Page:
Large-scale mining has brought unprecedented economic growth to Mongolia. Oyu Tolgoi, or “Turquoise Hill” is an isolated place in the Gobi desert and the site of the biggest foreign-investment project in Mongolia, a copper and gold mine. By 2020, this project alone is expected to account for one-third of Mongolia's GDP. In addition to this copper and gold mine, Mongolia has substantial, proven reserves of coal.

China is the world’s biggest emitter of carbon dioxide, and 70 percent of its energy is based on coal. The combination of Mongolian supply and Chinese demand can make Mongolia rich beyond the wildest dreams of a population, who has always been composed by nomadic herders. With just under 3m people, this country has a chance of becoming a Qatar or a Brunei. Mongolian coal production is expected to increase from approximately 16m tonnes a year now to 40m by 2020 and to 240m by 2040.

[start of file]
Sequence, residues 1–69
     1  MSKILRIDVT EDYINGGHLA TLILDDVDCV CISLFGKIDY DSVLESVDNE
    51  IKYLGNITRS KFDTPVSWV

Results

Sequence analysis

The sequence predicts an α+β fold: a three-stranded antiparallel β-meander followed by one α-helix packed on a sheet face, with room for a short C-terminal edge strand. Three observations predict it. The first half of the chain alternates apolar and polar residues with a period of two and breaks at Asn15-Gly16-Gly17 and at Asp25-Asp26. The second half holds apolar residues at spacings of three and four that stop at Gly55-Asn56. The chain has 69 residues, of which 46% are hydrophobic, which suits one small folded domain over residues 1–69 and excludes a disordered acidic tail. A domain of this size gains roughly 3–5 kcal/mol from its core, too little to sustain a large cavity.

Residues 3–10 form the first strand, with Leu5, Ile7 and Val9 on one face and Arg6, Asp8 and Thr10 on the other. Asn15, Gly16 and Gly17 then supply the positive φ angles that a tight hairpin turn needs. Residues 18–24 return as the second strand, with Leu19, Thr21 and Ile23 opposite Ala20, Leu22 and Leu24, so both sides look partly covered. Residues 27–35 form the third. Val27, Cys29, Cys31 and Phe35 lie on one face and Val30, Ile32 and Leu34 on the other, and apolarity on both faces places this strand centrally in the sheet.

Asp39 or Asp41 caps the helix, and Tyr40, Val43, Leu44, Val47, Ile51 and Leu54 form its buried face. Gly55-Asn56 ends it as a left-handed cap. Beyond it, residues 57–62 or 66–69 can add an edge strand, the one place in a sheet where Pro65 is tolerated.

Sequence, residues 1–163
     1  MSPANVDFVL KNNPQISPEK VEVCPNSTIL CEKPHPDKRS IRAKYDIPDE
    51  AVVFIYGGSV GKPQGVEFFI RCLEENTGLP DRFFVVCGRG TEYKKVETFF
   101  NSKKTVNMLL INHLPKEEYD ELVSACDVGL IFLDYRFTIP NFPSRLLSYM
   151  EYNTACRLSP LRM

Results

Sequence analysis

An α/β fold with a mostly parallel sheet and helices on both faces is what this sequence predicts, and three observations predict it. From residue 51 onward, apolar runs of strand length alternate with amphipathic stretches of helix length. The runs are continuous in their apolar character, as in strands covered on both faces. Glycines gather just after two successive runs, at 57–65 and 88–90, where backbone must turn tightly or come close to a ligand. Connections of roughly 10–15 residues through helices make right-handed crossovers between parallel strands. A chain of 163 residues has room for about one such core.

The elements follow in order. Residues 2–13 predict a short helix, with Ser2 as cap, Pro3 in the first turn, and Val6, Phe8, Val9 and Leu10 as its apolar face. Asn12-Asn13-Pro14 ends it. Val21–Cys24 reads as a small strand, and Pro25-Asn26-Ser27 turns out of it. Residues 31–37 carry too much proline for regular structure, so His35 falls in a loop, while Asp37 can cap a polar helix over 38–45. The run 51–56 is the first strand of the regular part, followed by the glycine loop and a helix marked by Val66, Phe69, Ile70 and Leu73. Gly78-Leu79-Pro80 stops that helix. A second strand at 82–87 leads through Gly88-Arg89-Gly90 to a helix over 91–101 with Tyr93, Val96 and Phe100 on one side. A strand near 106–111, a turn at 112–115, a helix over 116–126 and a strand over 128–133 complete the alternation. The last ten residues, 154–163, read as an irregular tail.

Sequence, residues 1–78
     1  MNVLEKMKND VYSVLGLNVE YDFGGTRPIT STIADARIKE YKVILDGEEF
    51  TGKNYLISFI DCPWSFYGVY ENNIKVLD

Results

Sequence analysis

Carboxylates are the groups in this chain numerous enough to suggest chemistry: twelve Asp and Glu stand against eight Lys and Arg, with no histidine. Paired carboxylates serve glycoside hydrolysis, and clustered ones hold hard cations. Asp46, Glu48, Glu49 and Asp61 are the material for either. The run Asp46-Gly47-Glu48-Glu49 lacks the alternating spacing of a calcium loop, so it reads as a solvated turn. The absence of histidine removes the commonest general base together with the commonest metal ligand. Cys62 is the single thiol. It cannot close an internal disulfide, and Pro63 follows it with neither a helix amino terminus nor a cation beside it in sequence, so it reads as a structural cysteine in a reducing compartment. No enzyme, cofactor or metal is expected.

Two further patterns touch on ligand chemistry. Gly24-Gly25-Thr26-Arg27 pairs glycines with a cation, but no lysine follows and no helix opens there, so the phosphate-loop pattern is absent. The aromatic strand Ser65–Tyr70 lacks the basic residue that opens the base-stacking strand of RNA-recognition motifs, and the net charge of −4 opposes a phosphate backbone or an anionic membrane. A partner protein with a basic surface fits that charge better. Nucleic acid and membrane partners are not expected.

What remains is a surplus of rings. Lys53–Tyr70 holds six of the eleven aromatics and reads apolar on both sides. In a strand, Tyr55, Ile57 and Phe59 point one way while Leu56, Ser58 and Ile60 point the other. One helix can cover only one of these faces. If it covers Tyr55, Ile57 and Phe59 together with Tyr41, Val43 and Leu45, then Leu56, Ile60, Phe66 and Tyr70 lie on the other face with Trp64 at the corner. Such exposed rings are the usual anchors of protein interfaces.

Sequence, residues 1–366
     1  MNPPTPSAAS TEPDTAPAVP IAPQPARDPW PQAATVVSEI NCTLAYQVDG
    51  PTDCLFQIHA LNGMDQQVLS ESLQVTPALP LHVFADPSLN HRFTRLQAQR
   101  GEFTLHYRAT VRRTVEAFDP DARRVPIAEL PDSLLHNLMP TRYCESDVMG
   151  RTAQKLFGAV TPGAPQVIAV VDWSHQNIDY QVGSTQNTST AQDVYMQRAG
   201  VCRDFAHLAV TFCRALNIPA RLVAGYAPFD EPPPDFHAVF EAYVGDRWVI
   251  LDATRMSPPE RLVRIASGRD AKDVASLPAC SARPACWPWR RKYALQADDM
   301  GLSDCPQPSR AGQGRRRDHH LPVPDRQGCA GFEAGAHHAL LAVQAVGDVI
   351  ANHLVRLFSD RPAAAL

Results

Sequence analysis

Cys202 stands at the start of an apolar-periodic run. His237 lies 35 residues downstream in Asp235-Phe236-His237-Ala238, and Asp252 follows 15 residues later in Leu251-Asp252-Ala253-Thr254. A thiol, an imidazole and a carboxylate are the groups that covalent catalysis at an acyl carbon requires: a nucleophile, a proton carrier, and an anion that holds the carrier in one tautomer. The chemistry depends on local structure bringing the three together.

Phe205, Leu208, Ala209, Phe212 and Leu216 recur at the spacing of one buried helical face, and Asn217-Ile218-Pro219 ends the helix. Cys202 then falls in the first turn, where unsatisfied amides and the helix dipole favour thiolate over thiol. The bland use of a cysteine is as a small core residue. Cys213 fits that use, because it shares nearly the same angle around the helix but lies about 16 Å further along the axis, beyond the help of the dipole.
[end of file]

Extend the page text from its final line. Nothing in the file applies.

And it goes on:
China provides a ready market, but Mongolians are fearful of a Chinese takeover by commercial stealth. For this reason, feasibility studies are being done on the costly options of building railways to take coal to Korea and Japan via Vladivostok, Russia, or to South Korea via Dandong on the Chinese-North Korean border.